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Air operations but no strategy against the Islamic State

News that the Pentagon’s Inspector General is investigating claims that intelligence documents assessing the success of American air strikes against Islamic State (IS) targets in Iraq were ‘handled’ to give a more ‘optimistic account’, should send shivers of trepidation through the corridors of power of any allied government considering active involvement in air operations against IS targets in Syria. Not so in Canberra. National security fever has yet again gripped the Australian capital as the media awaits confirmation of Australia’s new commitment to help Washington eliminate what Australian Prime Minister Tony Abbott calls a ‘death cult’.

Prime Minister Abbott has again shown the pattern of predictable behaviour of a leader whose political fortunes are flagging. Unable to come to grips with complex and controversial social issues at home, Abbott has consistently used national security as a way of rallying people around him in his time of need. Whether it’s the threat of IS-inspired terrorists lurking among Australia’s Muslim communities, or the threat posed by the ideology of IS in the Middle East, Australia is always first among America’s allies who wants to be seen to be doing something, even when the something that actually nothing at all. Today (Aug. 26, 2015), allegations were made in the Australian media that Prime Minister Abbott, eager to be seen to lead from the front in the war against IS, ‘volunteered’ Australia’s Air Task Group in Iraq for operations supporting the American air campaign in Syria. The Prime Minister was quick to deny this, suggesting that President Obama was the one who had approached him for Australian support. However, senior government officials told Fairfax Media that it was Abbott’s office which drove Australia’s offer of support, not the White House. Whether this was the situation or not, what is sure is that by early September, Australia’s Air Task Group Iraq may be striking targets within Syria, and from almost any perspective, this is neither a wise nor an effective move.618503-78155edc-4453-11e4-bbb6-36a0bafef4a2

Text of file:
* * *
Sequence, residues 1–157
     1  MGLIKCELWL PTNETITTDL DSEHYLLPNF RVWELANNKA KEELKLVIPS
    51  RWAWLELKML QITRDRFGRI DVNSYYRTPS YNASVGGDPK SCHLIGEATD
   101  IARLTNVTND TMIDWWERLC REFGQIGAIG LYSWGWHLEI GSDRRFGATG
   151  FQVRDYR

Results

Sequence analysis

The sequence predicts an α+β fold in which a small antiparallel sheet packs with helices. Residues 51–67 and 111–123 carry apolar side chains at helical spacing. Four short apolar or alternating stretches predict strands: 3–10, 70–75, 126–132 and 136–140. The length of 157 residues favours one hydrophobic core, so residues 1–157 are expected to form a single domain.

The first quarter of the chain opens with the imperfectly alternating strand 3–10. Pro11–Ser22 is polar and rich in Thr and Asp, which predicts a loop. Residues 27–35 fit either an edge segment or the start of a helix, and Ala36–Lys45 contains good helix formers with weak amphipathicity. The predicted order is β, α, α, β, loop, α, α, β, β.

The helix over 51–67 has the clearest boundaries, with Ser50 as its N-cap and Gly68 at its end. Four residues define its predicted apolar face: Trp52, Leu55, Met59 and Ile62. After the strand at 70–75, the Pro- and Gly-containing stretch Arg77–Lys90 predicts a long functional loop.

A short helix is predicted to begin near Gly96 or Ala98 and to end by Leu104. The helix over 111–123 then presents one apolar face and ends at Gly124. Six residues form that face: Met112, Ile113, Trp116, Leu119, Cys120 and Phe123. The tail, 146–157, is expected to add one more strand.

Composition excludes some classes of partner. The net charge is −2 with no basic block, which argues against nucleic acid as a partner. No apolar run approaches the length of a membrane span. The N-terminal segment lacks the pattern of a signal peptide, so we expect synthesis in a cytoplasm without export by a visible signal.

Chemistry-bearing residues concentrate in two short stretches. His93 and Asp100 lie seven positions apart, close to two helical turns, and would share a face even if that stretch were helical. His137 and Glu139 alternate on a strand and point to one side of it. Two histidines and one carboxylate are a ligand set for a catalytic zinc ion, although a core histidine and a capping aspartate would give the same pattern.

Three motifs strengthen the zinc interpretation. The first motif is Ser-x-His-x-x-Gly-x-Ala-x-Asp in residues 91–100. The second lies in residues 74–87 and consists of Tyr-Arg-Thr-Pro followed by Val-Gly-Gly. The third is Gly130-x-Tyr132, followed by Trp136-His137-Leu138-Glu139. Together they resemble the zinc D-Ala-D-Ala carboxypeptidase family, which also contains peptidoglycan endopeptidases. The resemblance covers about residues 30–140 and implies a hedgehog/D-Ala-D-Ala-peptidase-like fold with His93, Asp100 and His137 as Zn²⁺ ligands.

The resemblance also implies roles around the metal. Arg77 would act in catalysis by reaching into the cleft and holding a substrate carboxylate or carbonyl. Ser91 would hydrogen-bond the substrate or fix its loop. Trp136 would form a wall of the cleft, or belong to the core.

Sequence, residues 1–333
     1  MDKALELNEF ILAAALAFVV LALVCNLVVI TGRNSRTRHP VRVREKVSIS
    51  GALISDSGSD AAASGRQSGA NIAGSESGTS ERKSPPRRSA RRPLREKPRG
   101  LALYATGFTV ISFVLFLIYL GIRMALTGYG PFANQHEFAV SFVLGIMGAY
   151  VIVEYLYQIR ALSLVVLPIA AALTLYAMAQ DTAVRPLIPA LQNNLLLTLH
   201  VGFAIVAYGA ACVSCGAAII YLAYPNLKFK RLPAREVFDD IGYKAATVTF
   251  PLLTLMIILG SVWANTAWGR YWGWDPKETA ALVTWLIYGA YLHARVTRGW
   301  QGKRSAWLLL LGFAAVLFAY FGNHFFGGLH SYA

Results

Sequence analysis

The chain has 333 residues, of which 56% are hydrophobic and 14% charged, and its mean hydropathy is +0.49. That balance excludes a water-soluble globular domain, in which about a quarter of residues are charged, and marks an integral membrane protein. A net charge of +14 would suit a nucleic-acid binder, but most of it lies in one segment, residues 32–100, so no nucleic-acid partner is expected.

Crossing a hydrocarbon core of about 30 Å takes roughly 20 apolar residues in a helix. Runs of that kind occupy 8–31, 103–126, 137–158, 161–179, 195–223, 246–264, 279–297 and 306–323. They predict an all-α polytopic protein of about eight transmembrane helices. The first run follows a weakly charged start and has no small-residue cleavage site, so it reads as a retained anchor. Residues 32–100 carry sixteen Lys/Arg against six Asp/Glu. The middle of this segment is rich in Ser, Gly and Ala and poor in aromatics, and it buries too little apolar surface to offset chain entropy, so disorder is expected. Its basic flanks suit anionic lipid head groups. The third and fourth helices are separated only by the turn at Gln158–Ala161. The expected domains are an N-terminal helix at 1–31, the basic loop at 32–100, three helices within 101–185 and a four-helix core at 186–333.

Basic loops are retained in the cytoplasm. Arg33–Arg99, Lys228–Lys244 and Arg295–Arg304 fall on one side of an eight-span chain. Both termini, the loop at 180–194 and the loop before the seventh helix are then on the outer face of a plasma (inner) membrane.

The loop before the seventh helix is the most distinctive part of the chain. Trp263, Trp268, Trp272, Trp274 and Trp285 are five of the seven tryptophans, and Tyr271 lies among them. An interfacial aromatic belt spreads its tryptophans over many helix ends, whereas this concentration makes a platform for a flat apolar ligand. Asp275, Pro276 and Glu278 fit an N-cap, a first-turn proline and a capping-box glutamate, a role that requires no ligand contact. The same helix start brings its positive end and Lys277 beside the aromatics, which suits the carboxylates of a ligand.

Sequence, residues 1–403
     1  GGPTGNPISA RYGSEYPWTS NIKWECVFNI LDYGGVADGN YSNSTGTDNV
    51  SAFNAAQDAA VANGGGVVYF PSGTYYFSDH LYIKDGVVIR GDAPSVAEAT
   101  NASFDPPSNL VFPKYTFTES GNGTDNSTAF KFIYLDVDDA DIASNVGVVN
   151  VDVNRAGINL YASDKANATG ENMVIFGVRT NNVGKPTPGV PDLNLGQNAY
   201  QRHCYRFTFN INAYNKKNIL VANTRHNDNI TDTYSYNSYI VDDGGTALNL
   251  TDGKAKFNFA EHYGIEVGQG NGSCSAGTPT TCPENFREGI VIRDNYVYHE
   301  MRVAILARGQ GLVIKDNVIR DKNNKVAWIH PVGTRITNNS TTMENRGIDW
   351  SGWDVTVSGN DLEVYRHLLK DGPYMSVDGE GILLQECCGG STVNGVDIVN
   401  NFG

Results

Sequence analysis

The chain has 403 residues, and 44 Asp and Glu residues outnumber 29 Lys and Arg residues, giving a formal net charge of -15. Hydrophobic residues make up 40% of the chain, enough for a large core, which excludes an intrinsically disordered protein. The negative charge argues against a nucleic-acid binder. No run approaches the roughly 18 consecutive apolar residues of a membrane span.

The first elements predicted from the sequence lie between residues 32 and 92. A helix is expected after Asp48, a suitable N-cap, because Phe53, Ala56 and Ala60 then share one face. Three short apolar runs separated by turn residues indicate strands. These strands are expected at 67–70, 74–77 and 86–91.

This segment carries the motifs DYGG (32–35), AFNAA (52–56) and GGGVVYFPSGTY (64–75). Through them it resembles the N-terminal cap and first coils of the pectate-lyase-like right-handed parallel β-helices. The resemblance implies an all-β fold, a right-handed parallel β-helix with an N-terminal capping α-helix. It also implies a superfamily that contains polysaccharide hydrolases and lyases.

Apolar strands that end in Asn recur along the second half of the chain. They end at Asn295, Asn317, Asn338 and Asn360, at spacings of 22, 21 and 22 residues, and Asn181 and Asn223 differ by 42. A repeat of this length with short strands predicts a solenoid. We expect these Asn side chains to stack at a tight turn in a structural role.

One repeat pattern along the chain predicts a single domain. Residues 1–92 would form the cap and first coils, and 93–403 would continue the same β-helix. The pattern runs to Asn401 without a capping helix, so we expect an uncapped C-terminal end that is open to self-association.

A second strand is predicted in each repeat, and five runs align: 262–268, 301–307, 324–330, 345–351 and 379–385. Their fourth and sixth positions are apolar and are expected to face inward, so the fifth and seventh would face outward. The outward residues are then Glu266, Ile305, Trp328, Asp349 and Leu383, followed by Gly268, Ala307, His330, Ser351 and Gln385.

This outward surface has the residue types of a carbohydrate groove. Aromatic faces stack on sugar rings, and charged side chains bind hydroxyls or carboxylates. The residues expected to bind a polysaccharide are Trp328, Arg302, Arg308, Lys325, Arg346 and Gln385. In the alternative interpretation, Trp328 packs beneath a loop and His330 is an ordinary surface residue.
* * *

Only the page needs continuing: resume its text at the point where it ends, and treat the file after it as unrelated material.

Australia’s Air Task Group in Iraq was dedicated to bombing IS targets inside Iraq, not Syria. It is a small contingent consisting of some eight aircraft, six classic F/A-18 Hornet fighters, one E-7A airborne warning and control aircraft and one KC-30A multirole tanker/transport plane. By international military standards, this is not a large force and while it has provided some tactical utility in eroding IS paramilitaries in Iraq as far as we can assess, splitting this force between Iraqi and Syrian missions will add no weight to the existing American air campaign in Syria and will certainly impact on the RAAF’s existing mission parameters in Iraq, unless the Abbott government agrees to increase the size of the RAAF’s overall commitment to Middle East missions. Considering the parlous state of the Australian economy, this would be financially irresponsible at a time when fiscal restraint is called for. Deploying even a small batch of high-tech forces far from Australian shores and then sustaining them indefinitely, is expensive. So the question that needs to be raised is, what is the Australian taxpayer’s return on investment? The destruction of the death cult of IS? No air campaign has ever won a war in its own right. Aerospace technology is a potent force when used in combination with land and sea power, but never has it shown such decisive effect that it alone can defeat a ground based enemy. It is unlikely that the American mission over Syria will change this historic fact and Australia’s role in this campaign, minor as it is likely to be, becomes just another expensive symbolic gesture designed to make Australia look relevant to American interests.

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